Increasing evidence indicates that broadly neutralizing antibodies (bNAbs) play an important role in immune-mediated control of hepatitis C virus (HCV) infection, but the relative contribution of neutralizing antibodies targeting antigenic sites across the HCV envelope (E1 and E2) proteins is unclear. Here, we isolated thirteen E1E2-specific monoclonal antibodies (MAbs) from B cells of a single HCV-infected individual who cleared one genotype 1a infection and then became persistently infected with a second genotype 1a strain. These MAbs bound six distinct discontinuous antigenic sites on the E1 protein, the E2 protein, or the E1E2 heterodimer. Three antigenic sites, designated AS108, AS112 (an N-terminal E1 site), and AS146, were distinct from previously described antigenic regions (ARs) 1 to 5 and E1 sites. Antibodies targeting four sites (AR3, AR4-5, AS108, and AS146) were broadly neutralizing. These MAbs also displayed distinct patterns of relative neutralizing potency (i.e., neutralization profiles) across a panel of diverse HCV strains, which led to complementary neutralizing breadth when they were tested in combination. Overall, this study demonstrates that HCV bNAb epitopes are not restricted to previously described antigenic sites, expanding the number of sites that could be targeted for vaccine development.IMPORTANCE Worldwide, more than 70 million people are infected with hepatitis C virus (HCV), which is a leading cause of hepatocellular carcinoma and liver transplantation. Despite the development of potent direct acting antivirals (DAAs) for HCV treatment, a vaccine is urgently needed due to the high cost of treatment and the possibility of reinfection after cure. Induction of multiple broadly neutralizing antibodies (bNAbs) that target distinct epitopes on the HCV envelope proteins is one approach to vaccine development. However, antigenic sites targeted by bNAbs in individuals with spontaneous control of HCV have not been fully defined. In this study, we characterize 13 monoclonal antibodies (MAbs) from a single person who cleared an HCV infection without treatment, and we identify 3 new sites targeted by neutralizing antibodies. The sites targeted by these MAbs could inform HCV vaccine development. Copyright © 2019 American Society for Microbiology.

April 21, 2020  |  

Immunogenetic factors driving formation of ultralong VH CDR3 in Bos taurus antibodies.

The antibody repertoire of Bos taurus is characterized by a subset of variable heavy (VH) chain regions with ultralong third complementarity determining regions (CDR3) which, compared to other species, can provide a potent response to challenging antigens like HIV env. These unusual CDR3 can range to over seventy highly diverse amino acids in length and form unique ß-ribbon ‘stalk’ and disulfide bonded ‘knob’ structures, far from the typical antigen binding site. The genetic components and processes for forming these unusual cattle antibody VH CDR3 are not well understood. Here we analyze sequences of Bos taurus antibody VH domains and find that the subset with ultralong CDR3 exclusively uses a single variable gene, IGHV1-7 (VHBUL) rearranged to the longest diversity gene, IGHD8-2. An eight nucleotide duplication at the 3′ end of IGHV1-7 encodes a longer V-region producing an extended F ß-strand that contributes to the stalk in a rearranged CDR3. A low amino acid variability was observed in CDR1 and CDR2, suggesting that antigen binding for this subset most likely only depends on the CDR3. Importantly a novel, potentially AID mediated, deletional diversification mechanism of the B. taurus VH ultralong CDR3 knob was discovered, in which interior codons of the IGHD8-2 region are removed while maintaining integral structural components of the knob and descending strand of the stalk in place. These deletions serve to further diversify cysteine positions, and thus disulfide bonded loops. Hence, both germline and somatic genetic factors and processes appear to be involved in diversification of this structurally unusual cattle VH ultralong CDR3 repertoire.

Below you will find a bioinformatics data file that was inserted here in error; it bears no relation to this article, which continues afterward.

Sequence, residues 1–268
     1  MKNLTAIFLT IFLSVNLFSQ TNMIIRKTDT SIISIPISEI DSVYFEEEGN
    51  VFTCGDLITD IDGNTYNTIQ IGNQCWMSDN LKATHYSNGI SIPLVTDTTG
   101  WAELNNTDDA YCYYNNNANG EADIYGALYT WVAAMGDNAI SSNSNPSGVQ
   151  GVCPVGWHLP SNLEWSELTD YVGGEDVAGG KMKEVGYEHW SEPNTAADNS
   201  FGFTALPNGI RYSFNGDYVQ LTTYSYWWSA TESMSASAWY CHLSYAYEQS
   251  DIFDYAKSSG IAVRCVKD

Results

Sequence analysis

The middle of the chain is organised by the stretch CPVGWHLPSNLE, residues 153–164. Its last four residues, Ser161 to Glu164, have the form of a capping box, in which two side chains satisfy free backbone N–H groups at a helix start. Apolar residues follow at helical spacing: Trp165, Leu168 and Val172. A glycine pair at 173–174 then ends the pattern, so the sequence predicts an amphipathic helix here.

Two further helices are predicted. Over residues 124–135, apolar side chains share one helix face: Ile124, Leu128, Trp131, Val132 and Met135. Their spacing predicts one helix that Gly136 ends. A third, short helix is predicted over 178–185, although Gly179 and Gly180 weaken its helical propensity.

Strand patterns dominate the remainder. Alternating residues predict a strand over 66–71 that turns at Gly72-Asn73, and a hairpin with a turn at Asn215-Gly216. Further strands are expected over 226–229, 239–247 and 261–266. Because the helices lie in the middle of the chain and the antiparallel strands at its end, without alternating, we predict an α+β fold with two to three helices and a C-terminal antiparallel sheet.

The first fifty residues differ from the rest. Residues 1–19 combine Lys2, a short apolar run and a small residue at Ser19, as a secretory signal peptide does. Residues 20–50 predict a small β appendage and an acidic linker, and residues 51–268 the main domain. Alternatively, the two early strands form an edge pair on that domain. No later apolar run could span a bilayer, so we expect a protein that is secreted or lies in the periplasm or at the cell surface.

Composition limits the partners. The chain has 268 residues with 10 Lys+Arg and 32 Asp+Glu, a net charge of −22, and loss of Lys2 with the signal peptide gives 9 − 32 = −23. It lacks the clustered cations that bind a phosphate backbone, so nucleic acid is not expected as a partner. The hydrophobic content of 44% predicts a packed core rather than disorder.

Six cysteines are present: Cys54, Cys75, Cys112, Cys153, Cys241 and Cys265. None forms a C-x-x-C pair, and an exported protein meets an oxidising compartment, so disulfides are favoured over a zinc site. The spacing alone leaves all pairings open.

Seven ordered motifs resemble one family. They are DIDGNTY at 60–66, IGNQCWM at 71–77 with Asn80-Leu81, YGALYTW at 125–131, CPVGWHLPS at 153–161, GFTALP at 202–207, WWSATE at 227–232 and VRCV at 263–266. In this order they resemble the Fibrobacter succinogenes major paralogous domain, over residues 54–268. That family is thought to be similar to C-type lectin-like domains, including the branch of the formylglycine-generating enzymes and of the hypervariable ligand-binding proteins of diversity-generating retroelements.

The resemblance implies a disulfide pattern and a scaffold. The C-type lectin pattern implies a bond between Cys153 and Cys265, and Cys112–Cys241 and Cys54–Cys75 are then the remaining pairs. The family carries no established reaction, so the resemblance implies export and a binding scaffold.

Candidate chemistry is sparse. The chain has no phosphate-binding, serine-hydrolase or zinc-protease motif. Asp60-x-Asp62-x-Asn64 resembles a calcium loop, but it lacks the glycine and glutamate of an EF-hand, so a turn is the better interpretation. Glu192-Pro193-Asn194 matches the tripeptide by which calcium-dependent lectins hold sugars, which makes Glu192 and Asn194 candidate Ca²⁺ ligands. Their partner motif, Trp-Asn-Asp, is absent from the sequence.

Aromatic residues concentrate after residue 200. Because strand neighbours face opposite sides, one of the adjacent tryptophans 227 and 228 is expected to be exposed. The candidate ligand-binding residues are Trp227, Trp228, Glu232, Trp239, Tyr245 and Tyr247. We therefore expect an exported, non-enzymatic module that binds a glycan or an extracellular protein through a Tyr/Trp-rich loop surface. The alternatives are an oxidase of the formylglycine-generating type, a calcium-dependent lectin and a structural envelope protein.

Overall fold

April 21, 2020  |  

Long-read sequencing unveils IGH-DUX4 translocation into the silenced IGH allele in B-cell acute lymphoblastic leukemia.

[email protected] proto-oncogene translocation is a common oncogenic event in lymphoid lineage cancers such as B-ALL, lymphoma and multiple myeloma. Here, to investigate the interplay between [email protected] proto-oncogene translocation and IGH allelic exclusion, we perform long-read whole-genome and transcriptome sequencing along with epigenetic and 3D genome profiling of Nalm6, an IGH-DUX4 positive B-ALL cell line. We detect significant allelic imbalance on the wild-type over the IGH-DUX4 haplotype in expression and epigenetic data, showing IGH-DUX4 translocation occurs on the silenced IGH allele. In vitro, this reduces the oncogenic stress of DUX4 high-level expression. Moreover, patient samples of IGH-DUX4 B-ALL have similar expression profile and IGH breakpoints as Nalm6, suggesting a common mechanism to allow optimal dosage of non-toxic DUX4 expression.

October 23, 2019  |  

Structural determination of the broadly reactive anti-IGHV1-69 anti-idiotypic antibody G6 and its idiotope.